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Article posted Feb 01 2012, 9:48 AM Category: Science/Technology Source: Techdirt Print

How Patents Have Held Back 3D Printing

by Mike Masnick

The purpose of the intellectual property system that we have is to promote the progress. When there is strong evidence that certain elements of it hold back the progress, it seems like something that should be explored. Glyn recently wrote about the plans to make 3D object plan files available on the Pirate Bay. In that post, he pointed to a great interview with Michael Weinberg from Public Citizen, who had really been at the forefront of getting people to think about the legal consequences associated with 3D printing. However, there was also one interesting side note in that interview that didn't get nearly enough attention. It's that development and innovation has been held up for the last couple decades -- not because the technology wasn't available, but because of key patents that are apparently needed to build 3d printers. Those patents have started (but aren't entirely set) to expire, leading to the sudden interest and growing affordability of such printers.

We've seen this before, but here it's a modern example: work simply wasn't done on many of these efforts in part because there was no competition. And, in fact, there are still a few patents that really do hinder things, and this is a problem. Considering just how much good these 3D printers can do -- especially as they provide more power, do multi-color, and a variety of other features, it kind of makes you wonder just how much we've lost by having tons of researchers just sitting on their printer projects out of a fear of getting sued.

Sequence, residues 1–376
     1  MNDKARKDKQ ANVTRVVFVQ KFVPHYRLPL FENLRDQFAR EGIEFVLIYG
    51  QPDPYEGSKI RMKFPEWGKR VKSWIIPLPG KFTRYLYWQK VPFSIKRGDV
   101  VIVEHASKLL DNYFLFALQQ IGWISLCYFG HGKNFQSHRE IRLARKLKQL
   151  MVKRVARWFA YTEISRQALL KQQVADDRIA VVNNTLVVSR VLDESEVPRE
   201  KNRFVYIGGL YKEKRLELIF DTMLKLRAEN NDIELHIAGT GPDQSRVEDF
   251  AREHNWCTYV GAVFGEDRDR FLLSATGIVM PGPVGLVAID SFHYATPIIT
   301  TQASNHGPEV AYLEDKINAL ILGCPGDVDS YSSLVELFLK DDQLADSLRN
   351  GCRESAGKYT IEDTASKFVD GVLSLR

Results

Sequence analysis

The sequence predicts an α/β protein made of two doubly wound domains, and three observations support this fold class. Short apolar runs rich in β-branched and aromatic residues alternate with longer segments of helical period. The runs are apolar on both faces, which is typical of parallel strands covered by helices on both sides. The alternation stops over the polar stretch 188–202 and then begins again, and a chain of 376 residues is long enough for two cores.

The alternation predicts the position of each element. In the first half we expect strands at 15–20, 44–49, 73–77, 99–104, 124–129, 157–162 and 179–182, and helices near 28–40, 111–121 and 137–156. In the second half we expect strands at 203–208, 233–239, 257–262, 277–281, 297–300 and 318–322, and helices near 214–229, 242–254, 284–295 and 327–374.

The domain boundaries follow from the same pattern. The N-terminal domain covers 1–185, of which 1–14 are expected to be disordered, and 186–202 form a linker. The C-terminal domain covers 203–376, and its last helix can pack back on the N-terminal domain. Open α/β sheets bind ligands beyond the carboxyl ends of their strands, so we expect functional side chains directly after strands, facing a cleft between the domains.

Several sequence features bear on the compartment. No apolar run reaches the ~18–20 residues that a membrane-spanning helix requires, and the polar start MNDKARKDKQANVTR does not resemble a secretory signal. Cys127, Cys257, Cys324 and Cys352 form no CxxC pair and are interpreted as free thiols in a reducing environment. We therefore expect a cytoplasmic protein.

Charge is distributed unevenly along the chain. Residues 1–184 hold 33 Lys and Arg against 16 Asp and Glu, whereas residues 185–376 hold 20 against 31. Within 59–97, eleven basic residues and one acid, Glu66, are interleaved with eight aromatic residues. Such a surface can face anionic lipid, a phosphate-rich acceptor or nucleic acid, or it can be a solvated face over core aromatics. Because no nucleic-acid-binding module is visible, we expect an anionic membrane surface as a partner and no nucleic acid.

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Comments Add Comment Page 1 of 1

Posted: Feb 03 2012, 3:34 PM

76183 The PTO now discourages Yankee ingenuity and favors big business.

When you receive your hard-won and expensive patent in your mailbox, perhaps hundreds of large corporations with well funded R & D departments get your patent on their desks, too, the same day. This enables them to break your patent through loop holes or improvements and go into production of your product, putting you out of business.

The best way to avoid this is to make a messy patent application with crayon on manilla paper. The PTO will promptly send it back to you with a booklet describing their patent application rules. But, you have, in fact, applied for a patent. So, you can now go into production with "Patent Applied For" on your products, giving you time to garner your market share before presenting a formal (correct) patent application

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